A massive report published last week by the International Union for Conservation of Nature (IUCN) in the international journal Science shows us exactly how bad we are doing as stewards of the world.
The report, the culmination of 5 decades of work by 174 scientists, examined approximately 25,000 species in nearly 40 countries. The overall finding is that about one-fifth of vertebrates are facing extinction.
We know it, we hear it, but every time I hear it again it is hard to comprehend. We are wiping out the inhabitants of this small planet.
And when it comes from such comprehensive, in-depth work like this, we know there is not much room for error. These scientists have identified that a train full of many of the world’s species is driving off a cliff and even if a few colors on the side of that train have been described wrongly, the overall situation is the same. Of course, the train is not being driven by giraffes, but by humans.
The IUCN reports that “on average, 50 species of mammal, bird and amphibian move closer to extinction each year due to the impacts of agricultural expansion, logging, over-exploitation and invasive alien species.”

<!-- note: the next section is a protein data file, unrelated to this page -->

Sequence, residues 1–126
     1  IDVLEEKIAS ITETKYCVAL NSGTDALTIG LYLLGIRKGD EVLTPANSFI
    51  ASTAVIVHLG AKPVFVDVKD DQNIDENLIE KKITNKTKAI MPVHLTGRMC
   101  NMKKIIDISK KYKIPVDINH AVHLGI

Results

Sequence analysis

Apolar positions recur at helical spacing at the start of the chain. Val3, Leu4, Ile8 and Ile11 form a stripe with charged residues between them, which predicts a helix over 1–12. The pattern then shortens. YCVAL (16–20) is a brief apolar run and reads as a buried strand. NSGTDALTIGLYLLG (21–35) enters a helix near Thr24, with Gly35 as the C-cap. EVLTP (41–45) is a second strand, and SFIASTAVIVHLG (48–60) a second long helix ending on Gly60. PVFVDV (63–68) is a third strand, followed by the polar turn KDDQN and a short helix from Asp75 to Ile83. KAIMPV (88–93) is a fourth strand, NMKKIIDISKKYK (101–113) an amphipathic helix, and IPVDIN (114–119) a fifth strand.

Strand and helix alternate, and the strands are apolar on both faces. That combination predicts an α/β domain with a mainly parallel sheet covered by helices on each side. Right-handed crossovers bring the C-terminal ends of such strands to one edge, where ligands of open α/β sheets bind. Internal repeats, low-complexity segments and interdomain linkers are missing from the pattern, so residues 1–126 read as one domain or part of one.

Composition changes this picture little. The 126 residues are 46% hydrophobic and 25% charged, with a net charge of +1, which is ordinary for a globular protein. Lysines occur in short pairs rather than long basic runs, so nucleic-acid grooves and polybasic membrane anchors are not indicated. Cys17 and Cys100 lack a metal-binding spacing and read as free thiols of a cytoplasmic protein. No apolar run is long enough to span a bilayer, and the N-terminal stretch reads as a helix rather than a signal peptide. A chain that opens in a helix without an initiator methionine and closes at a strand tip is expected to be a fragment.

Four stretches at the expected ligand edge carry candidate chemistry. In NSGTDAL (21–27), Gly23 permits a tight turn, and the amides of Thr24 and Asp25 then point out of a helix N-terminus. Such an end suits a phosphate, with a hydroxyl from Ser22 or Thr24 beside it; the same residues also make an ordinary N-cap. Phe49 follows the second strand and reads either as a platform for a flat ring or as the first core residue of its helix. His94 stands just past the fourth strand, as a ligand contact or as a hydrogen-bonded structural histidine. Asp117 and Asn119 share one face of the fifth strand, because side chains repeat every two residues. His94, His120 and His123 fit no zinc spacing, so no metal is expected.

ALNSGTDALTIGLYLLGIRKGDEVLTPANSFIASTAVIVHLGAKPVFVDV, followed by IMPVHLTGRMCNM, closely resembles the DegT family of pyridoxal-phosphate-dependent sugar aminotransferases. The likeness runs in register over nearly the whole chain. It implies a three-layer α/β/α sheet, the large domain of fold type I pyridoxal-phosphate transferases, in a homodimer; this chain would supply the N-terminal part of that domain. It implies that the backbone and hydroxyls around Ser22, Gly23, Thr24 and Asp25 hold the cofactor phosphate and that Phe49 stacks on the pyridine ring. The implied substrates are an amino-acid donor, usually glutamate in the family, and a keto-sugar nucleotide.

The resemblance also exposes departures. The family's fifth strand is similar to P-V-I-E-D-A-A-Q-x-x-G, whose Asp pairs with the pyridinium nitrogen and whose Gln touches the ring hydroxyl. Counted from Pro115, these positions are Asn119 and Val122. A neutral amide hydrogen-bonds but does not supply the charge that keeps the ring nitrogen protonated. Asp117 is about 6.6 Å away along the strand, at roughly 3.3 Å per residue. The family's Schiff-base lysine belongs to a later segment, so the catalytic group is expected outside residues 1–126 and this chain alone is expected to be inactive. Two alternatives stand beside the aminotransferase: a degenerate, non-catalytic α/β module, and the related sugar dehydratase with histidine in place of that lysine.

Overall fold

“The ‘backbone’ of biodiversity is being eroded,” says American ecologist, writer, and professor, Edward O. Wilson of Harvard University. “One small step up the Red List is one giant leap forward towards extinction. This is just a small window on the global losses currently taking place.”
On the positive side, the report did also find that current conservation efforts have made a big difference and we would be in a much worse situation if it weren’t for the efforts of nations and the international community trying to preserve biodiversity.
“History has shown us that conservation can achieve the impossible, as anyone who knows the story of the White Rhinoceros in southern Africa is aware,” says Dr Simon Stuart, Chair of IUCN’s Species Survival Commission and an author on the study. “But this is the first time we can demonstrate the aggregated positive impact of these successes on the state of the environment.”
But conservation, in the traditional sense of this word, even if it is really ramped up, is not going to save us alone. As Jess Leber of Change.org writes:
We need to address the destructive attitude at the root of the extinction crisis. In Southeast Asia, the most threatened world region, that starts with reforming destructive palm oil farming practices, which are currently responsible for the worst of the deforestation.
Read more about the report just out by the IUCN on its website.